Arthroscope: A thin flexible fiberoptic scope which is introduced into a joint space through a small incision in order to carry out diagnostic and treatment procedures within the joint. An arthroscope is about the diameter of a drinking straw. It is fitted with a miniature camera, a light source and precision tools at the end of flexible tubes. An arthroscope can be used not only for diagnostic procedures but a wide range of surgical repairs, such as debridement, or cleaning, of a joint to remove bits of torn cartilage, ligament reconstruction, and synovectomy (removal of the joint lining). All are done without a major, invasive operation, and, since arthroscopy requires only tiny incisions, many procedures can be done on an outpatient basis with local anesthetic.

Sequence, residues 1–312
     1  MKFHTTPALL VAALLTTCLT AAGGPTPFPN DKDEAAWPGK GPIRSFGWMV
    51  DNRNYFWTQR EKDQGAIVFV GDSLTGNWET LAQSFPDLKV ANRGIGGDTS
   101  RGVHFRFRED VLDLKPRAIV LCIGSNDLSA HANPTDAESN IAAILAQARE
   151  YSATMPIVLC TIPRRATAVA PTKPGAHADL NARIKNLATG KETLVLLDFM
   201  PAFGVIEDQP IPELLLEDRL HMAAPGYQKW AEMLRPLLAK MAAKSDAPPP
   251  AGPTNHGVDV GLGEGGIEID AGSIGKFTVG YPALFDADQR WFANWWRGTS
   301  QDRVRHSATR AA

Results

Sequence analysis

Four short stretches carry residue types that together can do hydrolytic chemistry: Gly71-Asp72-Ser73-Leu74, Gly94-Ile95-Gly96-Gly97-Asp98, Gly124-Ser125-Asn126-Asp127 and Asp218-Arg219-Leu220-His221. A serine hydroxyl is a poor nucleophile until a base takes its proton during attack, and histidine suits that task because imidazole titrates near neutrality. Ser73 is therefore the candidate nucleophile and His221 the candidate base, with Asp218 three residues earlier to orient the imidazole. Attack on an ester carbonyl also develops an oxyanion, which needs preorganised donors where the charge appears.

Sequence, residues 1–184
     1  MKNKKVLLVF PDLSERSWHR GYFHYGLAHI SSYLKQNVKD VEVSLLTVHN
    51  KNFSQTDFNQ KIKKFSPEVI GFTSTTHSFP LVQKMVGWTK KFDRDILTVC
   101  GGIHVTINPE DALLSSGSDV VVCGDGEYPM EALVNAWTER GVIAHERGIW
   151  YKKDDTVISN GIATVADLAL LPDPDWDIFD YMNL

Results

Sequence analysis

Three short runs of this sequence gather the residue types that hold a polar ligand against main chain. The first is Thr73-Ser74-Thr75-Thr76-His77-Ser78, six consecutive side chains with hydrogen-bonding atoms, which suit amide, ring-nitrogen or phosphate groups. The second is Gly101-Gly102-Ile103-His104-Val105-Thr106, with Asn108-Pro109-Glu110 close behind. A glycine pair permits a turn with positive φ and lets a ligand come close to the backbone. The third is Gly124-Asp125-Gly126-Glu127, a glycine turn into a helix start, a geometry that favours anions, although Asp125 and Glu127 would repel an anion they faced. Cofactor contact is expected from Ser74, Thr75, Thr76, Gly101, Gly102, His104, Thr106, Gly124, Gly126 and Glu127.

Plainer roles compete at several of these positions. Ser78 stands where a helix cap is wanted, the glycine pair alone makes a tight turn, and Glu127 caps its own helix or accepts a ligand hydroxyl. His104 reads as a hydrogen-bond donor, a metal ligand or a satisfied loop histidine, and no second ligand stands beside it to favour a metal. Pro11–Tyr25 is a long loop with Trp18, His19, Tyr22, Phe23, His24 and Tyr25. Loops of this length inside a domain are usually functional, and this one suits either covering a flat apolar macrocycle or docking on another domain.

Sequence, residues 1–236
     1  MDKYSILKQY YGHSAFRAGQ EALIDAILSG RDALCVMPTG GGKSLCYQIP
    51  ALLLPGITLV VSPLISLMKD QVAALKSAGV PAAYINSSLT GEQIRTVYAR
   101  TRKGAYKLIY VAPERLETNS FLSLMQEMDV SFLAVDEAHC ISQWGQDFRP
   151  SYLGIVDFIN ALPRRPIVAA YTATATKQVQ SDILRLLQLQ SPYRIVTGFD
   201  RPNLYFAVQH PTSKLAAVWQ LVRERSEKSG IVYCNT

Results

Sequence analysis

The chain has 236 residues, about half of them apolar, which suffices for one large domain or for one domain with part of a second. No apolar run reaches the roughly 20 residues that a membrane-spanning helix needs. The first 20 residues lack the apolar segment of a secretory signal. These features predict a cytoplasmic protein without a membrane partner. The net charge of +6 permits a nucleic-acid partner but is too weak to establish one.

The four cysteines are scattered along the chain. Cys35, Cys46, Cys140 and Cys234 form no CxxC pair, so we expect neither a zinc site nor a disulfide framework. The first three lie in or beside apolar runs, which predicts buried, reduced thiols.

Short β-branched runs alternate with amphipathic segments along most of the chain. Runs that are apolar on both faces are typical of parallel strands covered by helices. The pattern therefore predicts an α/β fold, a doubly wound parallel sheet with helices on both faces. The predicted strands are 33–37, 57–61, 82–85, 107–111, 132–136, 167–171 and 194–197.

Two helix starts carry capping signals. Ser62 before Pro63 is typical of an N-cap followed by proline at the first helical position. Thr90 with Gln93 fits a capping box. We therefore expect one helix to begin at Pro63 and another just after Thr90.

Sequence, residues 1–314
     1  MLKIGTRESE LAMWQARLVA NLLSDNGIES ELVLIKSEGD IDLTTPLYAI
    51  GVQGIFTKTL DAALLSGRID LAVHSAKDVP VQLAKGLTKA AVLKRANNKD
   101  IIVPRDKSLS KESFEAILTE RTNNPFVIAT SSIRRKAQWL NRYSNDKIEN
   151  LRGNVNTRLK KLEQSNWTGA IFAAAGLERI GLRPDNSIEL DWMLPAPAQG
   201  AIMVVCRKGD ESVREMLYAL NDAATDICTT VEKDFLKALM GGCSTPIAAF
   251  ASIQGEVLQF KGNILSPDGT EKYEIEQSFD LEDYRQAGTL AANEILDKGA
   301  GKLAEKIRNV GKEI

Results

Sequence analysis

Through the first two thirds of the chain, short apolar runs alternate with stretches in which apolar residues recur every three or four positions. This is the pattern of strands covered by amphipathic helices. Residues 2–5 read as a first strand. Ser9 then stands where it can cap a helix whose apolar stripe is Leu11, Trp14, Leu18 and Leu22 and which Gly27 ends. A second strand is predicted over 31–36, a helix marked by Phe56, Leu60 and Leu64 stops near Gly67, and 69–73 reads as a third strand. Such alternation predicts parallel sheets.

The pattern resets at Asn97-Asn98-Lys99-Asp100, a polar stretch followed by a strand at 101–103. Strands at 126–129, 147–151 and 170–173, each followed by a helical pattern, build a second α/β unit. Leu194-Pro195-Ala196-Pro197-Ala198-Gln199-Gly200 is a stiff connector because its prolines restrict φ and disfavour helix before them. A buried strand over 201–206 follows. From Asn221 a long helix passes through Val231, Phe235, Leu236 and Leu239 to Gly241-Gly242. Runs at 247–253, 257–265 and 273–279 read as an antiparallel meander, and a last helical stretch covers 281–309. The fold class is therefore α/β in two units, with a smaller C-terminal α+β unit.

The arthroscope was invented by the Japanese physician Masaki Watanabe, in the early 1960s to permit orthopaedic surgery in a relatively noninvasive way. Watanabe based his invention on the cystoscope, an instrument used to examine the inside of the bladder. The first arthroscope had a tiny camera lens mounted on a flexible tube, which allowed a surgeon to peer into the interior of joints through a small incision. Over the years, the arthroscope has been refined but not fundamentally changed.
Quick GuideRheumatoid Arthritis (RA) Symptoms & Treatment
Subscribe to MedicineNet's Arthritis Newsletter
Last Editorial Review: 6/9/2016